The Justice Department has settled a long-running lawsuit filed by a group of men rounded up in the weeks after the September 2001 attack who say they were abused in a federal lockup in New York City.
The settlement was announced on Tuesday. It calls for a $98,000 payout to be split among the six men who filed the suit. While the government doesn't admit guilt in the settlement, each of the men received a letter from the director of the Bureau of Prisons acknowledging they were "held in excessively restrictive and unduly harsh conditions."
“I don’t believe justice is properly served, considering the detrimental consequences the defendants’ actions have had on my life,” said Benamar Benatta who says he was detained in restrictive conditions and in some cases, abused by staff members. “I can’t help but feel let down by the whole judicial system – federal courts had the opportunity to remedy the situation but chose not to intervene, and, by doing so, they left the door open for future mistreatment and abuse to take place without any ramifications.”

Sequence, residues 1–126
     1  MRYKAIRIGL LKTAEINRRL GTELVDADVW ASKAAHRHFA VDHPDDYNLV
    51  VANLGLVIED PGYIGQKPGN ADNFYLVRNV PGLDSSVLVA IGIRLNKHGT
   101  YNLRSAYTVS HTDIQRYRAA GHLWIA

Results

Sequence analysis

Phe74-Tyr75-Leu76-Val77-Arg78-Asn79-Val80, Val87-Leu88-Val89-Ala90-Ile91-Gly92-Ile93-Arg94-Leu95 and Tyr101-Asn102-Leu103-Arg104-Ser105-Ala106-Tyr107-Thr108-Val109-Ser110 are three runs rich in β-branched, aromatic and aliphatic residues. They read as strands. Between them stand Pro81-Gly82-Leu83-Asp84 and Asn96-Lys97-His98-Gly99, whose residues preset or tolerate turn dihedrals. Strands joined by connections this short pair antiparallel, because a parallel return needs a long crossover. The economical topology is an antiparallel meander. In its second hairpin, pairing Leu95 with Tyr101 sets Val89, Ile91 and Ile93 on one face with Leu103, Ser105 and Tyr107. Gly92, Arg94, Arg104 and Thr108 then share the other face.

“I don’t know that the director of the Bureau of Prisons has ever signed a letter of this nature before to individual clients, so that is unique,” said Rachel Meeropol, senior staff attorney with the Center for Constitutional Rights, who represents the men.